IT Operations Engineer Salary: How to Earn More

IT operations engineers are decently paid — but not as well, on average, as engineers in other fields, like development and security.

If you work in ITOps, this can be a bummer. The good news is that there are steps you can take to maximize your IT operations engineer salary.

What is a Computer Operations Engineer?

IT operations engineers are responsible for deploying and managing applications and the infrastructure that hosts them.

They don’t build the apps (that’s a developer task) or support security (which is a separate discipline). But IT operations play the main role in setting up IT environments and keeping them running.

computer operations engineer salary

As of 2022, IT operations engineers can expect to earn between $65,000 and $70,000 on average, according to sites like ZipRecruiter, Indeed and Glass door.

Average salaries for IT operations jobs in high cost-of-living areas, such as New York and the San Francisco Bay Area, tilt a little higherin the mid-$80,000s. But even in these regions, few computer engineers earn six figures unless they are promoted to the ranks of computer management.

How does IT operations salary compare?

Depending on your perspective, the salary ranges outlined above may or may not seem very impressive.

I imagine a good number of people at the start of their careers would be lucky enough to earn around $70,000. This is certainly higher than the typical salary of recent college graduates, which is around $55,000.

On the other hand, if you compare the salary of an IT operations engineer to those of other technical roles, working in IT operations seems less impressive. Software engineers earn close to $110,000 on averagewhich is similar to salary estimates for security engineers. Site Reliability Engineers (SRE) do even better, with average salaries around $125,000 – nearly double those of computer engineers.

By the standards of the wider IT industry, IT operations work does not pay particularly well.

How to Earn More in IT Operations

If you’re an IT operations engineer (or aspire to be one) who isn’t impressed with typical earnings in the field, consider the following strategies to earn more.

learn to code

Typically, IT operations work requires only basic coding expertise. You usually need to know how to script and manage configuration files, but many computer operations tasks can be done without writing code (especially in Windows environments, where graphical administrative interfaces are prevalent).

That said, more complex IT operations often require more advanced coding skills. For example, if you want to take advantage of a everything in code ITOps approach, which can help you work more efficiently in large-scale environments, you will need to know how to work with declarative programming languages ​​such as Rego.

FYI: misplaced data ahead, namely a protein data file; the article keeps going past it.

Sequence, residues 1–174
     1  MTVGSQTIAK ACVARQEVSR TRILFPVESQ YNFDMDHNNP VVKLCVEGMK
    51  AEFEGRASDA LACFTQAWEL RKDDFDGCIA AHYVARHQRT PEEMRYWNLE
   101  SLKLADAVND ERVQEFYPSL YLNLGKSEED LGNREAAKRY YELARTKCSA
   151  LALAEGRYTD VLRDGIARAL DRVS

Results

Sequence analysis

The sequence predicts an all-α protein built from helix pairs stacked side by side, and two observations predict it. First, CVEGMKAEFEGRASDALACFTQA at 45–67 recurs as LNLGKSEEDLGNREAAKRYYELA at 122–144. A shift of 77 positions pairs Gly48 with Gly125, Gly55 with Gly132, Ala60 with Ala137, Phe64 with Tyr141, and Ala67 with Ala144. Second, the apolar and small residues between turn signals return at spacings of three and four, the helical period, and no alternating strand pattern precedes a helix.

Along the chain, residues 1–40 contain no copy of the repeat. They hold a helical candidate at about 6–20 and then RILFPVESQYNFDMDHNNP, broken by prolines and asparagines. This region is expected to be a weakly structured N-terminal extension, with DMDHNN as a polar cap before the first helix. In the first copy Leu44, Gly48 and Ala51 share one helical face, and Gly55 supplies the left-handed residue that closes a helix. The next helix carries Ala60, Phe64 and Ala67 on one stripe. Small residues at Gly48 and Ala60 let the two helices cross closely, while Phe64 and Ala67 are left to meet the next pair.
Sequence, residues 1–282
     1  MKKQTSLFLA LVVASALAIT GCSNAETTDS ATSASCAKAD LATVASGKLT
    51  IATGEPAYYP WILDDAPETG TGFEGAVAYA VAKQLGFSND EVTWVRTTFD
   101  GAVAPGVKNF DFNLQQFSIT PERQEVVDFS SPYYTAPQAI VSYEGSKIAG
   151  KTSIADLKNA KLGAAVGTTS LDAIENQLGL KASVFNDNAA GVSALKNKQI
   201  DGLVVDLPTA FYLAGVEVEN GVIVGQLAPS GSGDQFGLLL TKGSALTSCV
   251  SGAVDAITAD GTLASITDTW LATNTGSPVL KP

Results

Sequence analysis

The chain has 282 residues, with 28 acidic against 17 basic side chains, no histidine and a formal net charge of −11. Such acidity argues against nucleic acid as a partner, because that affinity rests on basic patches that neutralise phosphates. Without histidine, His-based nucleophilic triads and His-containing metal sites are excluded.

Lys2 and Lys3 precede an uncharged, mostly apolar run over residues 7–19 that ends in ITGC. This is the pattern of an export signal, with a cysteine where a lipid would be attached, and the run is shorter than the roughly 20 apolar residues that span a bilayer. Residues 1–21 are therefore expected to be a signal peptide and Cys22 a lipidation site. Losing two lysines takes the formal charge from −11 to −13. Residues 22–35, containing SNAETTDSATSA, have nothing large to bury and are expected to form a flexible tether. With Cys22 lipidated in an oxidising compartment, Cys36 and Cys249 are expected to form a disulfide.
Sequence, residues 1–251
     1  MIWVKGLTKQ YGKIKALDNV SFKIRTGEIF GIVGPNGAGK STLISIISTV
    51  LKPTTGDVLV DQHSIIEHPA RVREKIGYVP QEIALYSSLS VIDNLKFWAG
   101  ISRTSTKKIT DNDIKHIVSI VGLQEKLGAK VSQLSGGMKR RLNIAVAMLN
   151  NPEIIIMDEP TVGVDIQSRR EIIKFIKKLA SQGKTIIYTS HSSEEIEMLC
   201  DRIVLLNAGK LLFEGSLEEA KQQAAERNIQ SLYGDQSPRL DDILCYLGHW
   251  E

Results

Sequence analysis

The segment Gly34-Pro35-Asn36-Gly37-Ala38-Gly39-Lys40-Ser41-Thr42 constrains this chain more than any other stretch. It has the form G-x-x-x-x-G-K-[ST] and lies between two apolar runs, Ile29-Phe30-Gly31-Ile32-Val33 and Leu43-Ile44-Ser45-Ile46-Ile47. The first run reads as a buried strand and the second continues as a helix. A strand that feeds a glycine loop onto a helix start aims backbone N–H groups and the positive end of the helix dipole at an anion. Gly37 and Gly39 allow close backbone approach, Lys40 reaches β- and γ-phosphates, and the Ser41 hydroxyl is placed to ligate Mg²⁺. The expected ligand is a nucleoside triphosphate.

When you bring these types of skills to the table, you demonstrate more value to employers because you can do more for them in less time. In return, you position yourself to earn more.

Learn Linux

Along the same lines, Linux expertise is a type of skill that not all IT operations engineers possess. It is generally easier to learn to point and click in Windows administrative interfaces than to learn the Linux CLI tools.

As a result, learn linux is a great way to earn more in IT operations. Indeed, Linux engineers (who are arguably a type of computer engineer) earn about $110,000a bit more than generic computer engineers.

Learn Kubernetes

Kubernetes is another in-demand technology that not all IT operations engineers are familiar with. If you can help companies migrate their applications to containers and deploy them in Kubernetes, you’ll likely earn a lot more than an IT engineer who only knows how to run monoliths and virtual machines.

Learn the cloud

Another example of an in-demand skill set is cloud computing. IT operations engineers who know how to deploy and manage applications in the cloud stand out.

Learning about the cloud means more than just understanding the architectures and concepts of cloud computing. If you really want to maximize your IT salary, get hands-on experience using specific cloud tools and services, like EC2, S3, Lambda, EKS, and AWS CloudWatch (or their equivalents on the cloud platform used by your employer or future employer).

Switch to SRE

IT engineers and site reliability engineers do most of the same things (like deploying and managing applications), but in different ways.

This means that, if you already know IT operations, it’s not too difficult to turn yourself into an SRE. Doing so will put you in a position to take advantage of an SRE’s salary – which, as noted above, is nearly twice that of the average IT operations engineer.

Get Side Gigs

Consider doing freelance computer operations to supplement your main job salary. Although the salary of freelance IT work can vary widely, data shows that freelancers in general earn more per hour than they do in full-time jobs.

Additionally, computer work tends to be easy to do from anywhere with a flexible schedule. This makes it easier to get some side gigs for companies that may not need a full-time IT operations engineer, but need help with their systems.

Of course, make sure your full-time employer is okay with moonlighting before you go down this path.

Conclusion

Computer operations engineers do not earn as much overall as their counterparts in other technical roles. But by being strategic about the skills you choose to develop, you can make yourself an in-demand IT engineer – and, in all likelihood, earn more in the process.

About Jon Moses

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